How to prep for the upcoming AI Revolution
As usual, this post will have *actual* actionable information, and not be filled with a bunch of feel good fluff
This will be one of the most important posts for all Data professionals this whole year. This topic was requested by 2 paid readers:
There’s been a lot of talk about how AI will replace millions of jobs. And, how senior data professionals will no longer hire junior roles, but instead use AI. There’s also been plenty of “research” on what roles will be most likely to get rekd in this upcoming AI revolution. And, as we all know, research that is sponsored by an entity is never wrong:
Let’s talk about how you can start prepping for this AI revolution in the best way possible.
Table of Contents:
Roles & Responsibilities to Avoid
Using AI Tools Effectively (Actionable Advice)
AI Tools & The Impact on Interviews
Why Junior Devs Will Still Get Hired
Obviously, this post is *only* meant for those in the data industry.
1 - Roles & Responsibilities to avoid
1.1 Roles to avoid
Business Intelligence (BI) Analyst
In the past, when a company needed a guy to run some sort of forecasting/prediction, they would reach out to the BI Analyst. This guy would fetch some data, and then construct a complex model for it. Then, return his predictions to the executives.
Sound familiar? This is what a Machine Learning Engineer does today. The main difference is that the MLE provides the executives with an API/data pipeline. This API can be used to get predictions immediately on the get go.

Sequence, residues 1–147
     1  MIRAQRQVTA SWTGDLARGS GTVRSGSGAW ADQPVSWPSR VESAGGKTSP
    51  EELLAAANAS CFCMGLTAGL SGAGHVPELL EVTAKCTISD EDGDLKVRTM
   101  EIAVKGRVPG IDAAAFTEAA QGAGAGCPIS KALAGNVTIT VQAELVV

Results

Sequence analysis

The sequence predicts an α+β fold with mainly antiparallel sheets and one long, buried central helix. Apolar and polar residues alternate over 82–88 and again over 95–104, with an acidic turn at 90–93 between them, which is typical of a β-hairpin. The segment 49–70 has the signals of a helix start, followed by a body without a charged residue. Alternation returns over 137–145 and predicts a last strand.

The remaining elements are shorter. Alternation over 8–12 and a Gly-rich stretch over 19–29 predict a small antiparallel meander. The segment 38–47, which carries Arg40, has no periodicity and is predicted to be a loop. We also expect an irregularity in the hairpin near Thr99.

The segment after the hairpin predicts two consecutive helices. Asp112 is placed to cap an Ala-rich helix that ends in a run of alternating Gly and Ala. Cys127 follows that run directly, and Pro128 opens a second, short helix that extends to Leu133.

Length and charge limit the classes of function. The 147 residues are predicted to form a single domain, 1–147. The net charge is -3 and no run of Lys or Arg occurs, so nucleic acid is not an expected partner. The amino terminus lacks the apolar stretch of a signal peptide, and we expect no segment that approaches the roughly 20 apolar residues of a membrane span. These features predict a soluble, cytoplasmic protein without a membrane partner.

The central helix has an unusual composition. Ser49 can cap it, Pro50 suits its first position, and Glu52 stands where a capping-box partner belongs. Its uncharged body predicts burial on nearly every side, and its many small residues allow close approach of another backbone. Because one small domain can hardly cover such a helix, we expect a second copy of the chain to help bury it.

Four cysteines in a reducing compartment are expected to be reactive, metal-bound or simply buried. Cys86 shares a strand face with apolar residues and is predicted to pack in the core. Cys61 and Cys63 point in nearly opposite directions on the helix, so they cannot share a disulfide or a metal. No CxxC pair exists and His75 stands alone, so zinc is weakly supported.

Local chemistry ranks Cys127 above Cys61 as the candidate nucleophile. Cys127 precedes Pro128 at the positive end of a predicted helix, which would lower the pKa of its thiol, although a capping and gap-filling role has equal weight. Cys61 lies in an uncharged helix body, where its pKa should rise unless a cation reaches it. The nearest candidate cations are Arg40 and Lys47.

The BI Analyst was already close to collapsing, with more automation coming, you need to avoid this role if you still want to be able to pay your bills.
I used to see job postings for Reporting Analyst quite a bit when I started university. It was actually difficult as hell to find 1 opening today. Anyways, here’s the requirements to be a Reporting Analyst:
In other words, this is a mediocre data analyst. I wonder why there’s so many openings for Data Analysts now, and barely any for a Reporting Analyst.
Guess it’s like “How many licks does it take to reach the center of a tootsie pop?”
Ans: The world may never know.
1.2 Responsibilities to avoid
If you taken any course on Machine Learning, then you know they’ll teach you the technical skills for about 10-20% of the time. The other vast majority is spent on things like:
What does this parameter mean
How does the objective function change
Using partial differential equations to solve equations
Unfortunately, in the real world… No one cares. Yep, this is why 99% of ALL Machine Learning courses = trash. 80-90% of what you learn is considered junk, and no one cares.
As of today, a machine can do a better job at building a Machine Learning model, than a human can. And, this trend will not reverse anytime soon.
If you think you’re going to be a guy, and let others fetch the data for you, and all you’ll have to do is build a model to collect your paycheck. This is the only kind of check you’ll be collecting:
Middle Manager - Idea Generation
There was a middle man role I saw once where the guy sets up meeting with sales teams, and reads research papers all day. Apparently, he was the “idea guy”. If you’ve worked with people before, and someone says they can’t do the *actual work*, but they can come up with great ideas. Avoid them like the plague
I’ll show you in the next section on how companies are tossing out most of their middle manager idea guys.
2 - Using AI Tools Effectively (Actionable Advice)
I’m not gonna waste your time talking about things like GPT4, co-pilot, etc.... Most of them give us generic answers, and if you presented them to the team leads. They’ll pat you on the back, and then say “lol no”
So, instead here are some examples on how AI is *actually* being used in the industry today. And, a list of tools to keep tabs on.
This section is only for the paid readers, the alpha presented here will *only stay here*.
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